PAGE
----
Account for 60-70% of soft-tissue tumours of the hand.
The disease is common in females in their third and fourth decades.
Usually arise adjacent to tendons. May also be intraosseous or intratendinous
– Formed by herniation of the synovial lining in which a one-way valve mechanism is created
– benign tumors of synovial origin
– A rent in the joint capsule or tendon sheath allows leakage of synovial fluid, which irritates surrounding tissue. This local tissue reacts by forming a pseudocapsule and subsequent ganglion
– Mucoid degeneration of connective tissue, with breakdown products of collagen collecting in pools, which coalesce to form large cysts.
• Dorsum of the wrist (70%): in this location the origin is Scapholunate ligament. The dorsal ganglia are usually painless and they are found between the EDC and the EPL tendons.
• Volar wrist (20%): Deriving their origin from the radiocarpal (2/3rd) or STT (1/3rd) joints.
• Dorsum of the distal interphalangeal (DIP) joint-mucous cyst
• Volar aspect of a digit at the metacarpal phalangeal flexion crease (volar retinacular ganglion cyst). Arise from the A1 or A2 pulley of the flexor tendon sheath
Cyst fluid is gelatinous (apple jelly-like) with a high concentration of hyaluronic acid.
Microscopy: ganglia develop in stages as follows
1. First stage characterised by large number of spheroidal cells that are closely packed with a periphery of spindle cells
2. The second stage consists of spheroidal cells and spindle cells but with a central cavity filled partly with secretion from the spheroid cells.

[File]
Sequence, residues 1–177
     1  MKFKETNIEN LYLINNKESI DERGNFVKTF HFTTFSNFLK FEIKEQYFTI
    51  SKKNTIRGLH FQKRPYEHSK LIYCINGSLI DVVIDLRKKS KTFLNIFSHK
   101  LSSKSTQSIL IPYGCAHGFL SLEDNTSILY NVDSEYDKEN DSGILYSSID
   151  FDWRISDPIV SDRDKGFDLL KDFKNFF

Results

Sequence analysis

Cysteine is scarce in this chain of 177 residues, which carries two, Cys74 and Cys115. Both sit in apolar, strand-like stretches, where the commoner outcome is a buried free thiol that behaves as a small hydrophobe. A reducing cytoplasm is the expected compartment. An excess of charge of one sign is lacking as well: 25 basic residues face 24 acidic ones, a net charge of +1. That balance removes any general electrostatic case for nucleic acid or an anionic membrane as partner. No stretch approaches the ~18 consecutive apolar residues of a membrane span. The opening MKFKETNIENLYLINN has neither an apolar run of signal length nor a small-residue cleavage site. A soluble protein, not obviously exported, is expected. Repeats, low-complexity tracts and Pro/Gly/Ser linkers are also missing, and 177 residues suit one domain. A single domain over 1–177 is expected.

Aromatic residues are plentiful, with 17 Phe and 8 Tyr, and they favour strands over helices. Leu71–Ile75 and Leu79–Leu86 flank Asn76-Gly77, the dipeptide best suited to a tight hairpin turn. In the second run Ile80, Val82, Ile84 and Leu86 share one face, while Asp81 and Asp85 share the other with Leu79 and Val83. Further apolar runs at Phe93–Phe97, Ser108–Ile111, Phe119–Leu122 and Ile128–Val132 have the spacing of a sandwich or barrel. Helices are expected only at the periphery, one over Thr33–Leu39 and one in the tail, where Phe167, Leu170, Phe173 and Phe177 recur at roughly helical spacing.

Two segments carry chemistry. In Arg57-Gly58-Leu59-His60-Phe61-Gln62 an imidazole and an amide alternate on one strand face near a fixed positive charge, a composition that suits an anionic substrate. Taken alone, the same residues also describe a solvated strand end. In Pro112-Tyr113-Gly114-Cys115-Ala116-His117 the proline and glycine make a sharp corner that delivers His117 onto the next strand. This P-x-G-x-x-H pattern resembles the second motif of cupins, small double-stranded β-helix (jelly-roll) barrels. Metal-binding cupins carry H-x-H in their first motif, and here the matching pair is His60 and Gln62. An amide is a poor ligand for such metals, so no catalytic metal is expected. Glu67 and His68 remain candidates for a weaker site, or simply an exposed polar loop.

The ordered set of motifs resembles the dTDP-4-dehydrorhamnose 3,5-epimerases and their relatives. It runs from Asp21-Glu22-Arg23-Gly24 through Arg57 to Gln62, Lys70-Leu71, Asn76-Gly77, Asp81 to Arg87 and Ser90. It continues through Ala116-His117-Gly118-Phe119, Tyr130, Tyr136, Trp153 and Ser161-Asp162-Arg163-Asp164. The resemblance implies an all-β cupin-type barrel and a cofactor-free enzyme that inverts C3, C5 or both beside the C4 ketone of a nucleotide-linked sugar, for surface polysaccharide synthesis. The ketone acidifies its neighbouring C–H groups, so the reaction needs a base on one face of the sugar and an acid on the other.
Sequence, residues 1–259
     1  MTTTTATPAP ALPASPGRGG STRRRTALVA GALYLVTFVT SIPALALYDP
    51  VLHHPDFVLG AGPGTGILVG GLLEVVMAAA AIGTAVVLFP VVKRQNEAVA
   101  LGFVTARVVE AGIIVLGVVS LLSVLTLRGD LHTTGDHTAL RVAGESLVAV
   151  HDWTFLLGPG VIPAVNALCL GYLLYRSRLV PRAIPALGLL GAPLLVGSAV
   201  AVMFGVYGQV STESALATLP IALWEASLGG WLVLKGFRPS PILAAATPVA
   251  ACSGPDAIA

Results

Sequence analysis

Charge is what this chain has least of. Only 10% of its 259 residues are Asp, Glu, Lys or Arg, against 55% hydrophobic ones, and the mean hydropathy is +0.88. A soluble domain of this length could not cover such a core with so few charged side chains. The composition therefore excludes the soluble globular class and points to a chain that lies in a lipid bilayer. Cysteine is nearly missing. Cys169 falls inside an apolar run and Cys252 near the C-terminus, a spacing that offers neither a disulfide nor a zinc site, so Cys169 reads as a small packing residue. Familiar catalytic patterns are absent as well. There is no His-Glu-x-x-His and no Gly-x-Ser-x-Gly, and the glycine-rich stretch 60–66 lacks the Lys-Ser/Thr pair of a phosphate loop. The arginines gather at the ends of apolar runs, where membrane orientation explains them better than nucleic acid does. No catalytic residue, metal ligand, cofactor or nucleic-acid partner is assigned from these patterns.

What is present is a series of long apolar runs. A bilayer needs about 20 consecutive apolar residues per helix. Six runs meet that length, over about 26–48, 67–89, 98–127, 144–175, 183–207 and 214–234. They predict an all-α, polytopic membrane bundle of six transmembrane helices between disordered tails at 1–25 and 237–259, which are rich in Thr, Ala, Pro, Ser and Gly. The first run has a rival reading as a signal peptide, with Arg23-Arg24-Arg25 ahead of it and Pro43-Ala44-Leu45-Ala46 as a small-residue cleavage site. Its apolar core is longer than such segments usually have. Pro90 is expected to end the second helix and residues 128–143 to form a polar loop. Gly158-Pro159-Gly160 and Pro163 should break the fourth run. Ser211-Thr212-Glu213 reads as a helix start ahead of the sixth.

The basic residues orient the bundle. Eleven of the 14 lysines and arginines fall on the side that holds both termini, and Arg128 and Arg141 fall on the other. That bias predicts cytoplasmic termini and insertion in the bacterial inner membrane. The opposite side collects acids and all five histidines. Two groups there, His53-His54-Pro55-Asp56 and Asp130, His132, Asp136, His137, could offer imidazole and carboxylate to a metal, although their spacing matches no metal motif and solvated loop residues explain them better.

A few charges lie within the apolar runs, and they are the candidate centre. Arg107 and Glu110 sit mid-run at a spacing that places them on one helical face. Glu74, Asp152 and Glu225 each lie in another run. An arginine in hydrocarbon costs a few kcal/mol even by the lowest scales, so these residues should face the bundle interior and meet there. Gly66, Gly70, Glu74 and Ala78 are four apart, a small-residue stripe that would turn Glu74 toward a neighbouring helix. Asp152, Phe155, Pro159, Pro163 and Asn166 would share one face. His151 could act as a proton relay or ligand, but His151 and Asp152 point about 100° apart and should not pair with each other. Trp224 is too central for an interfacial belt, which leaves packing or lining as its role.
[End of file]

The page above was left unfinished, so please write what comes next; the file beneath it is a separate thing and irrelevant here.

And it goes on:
3. Third stage, here the ganglion is well developed with a smooth wall resembling synovial membrane of joints. The walls of the larger cyst are poorly vascularised and the vessels show fibrosis of their wall suggesting a vascular aetiology for the development of these cysts.
• The mass is compressible, subcutaneous, transilluminating, slightly mobile, and without skin changes.
• Wrist extension often elicits pain at the site.
• Small dorsal ganglions may be palpable only in full wrist flexion.
• Occult ganglions are not palpable but may be quite painful.
• wrist pain, tenderness, and interference with activity
• The mass is usually palpable between the radial artery and the flexor carpi radialis (FCR) tendon, or
• Adjacent to the scaphoid tubercle in the anatomic snuffbox or more distal in the palm.
• May arise ulnarly from the pisotriquetral joint and are palpable adjacent to the flexor carpi ulnaris (FCU) tendon.
• May compress the palmar cutaneous branch of the median nerve, median nerve or the deep branch of the ulnar nerve
Volar Retinacular Ganglion Cyst:
• Present as a small, very firm, minimally mobile mass near the proximal digital crease or metacarpophalangeal joint.
• do not move with flexor tendon excursion
• They are painful only when gripping a firm surface.
• Volar retinacular ganglions do not cause digital triggering, nor are they associated with trigger digits
• Can compress the digital nerve causing sensory disturbance.
• Gradually enlarging subcutaneous mass develops over the dorsal DIP joint.
• The lesion is firm and minimally mobile and can be transilluminated
• Lies typically lateral to midline, being displaced by the extensor tendon.
• Associated with osteoarthritis
• May rupture and get infected
• Nail deformity may develop from pressure on the germinal matrix.
Ganglions maybe associated with tendons, they are typically located in the dorsal wrist, extensor apparatus or the FCR in the volar wrist
Intraosseous ganglions of the hand and wrist: most common in the scaphoid and lunate.
On X-rays: The lesions appear radiolucent with a sclerotic border and frequently contact a joint surface without causing cortical expansion. Diagnosis is mainly of exclusion.
DD for dorsal wrist ganglion:
1. Ganglion of tendon sheath, giant cell tumor of tendon sheath, tenosynovitis of inflammatory or infectious origin, or an extensor digitorum brevis manus muscle belly.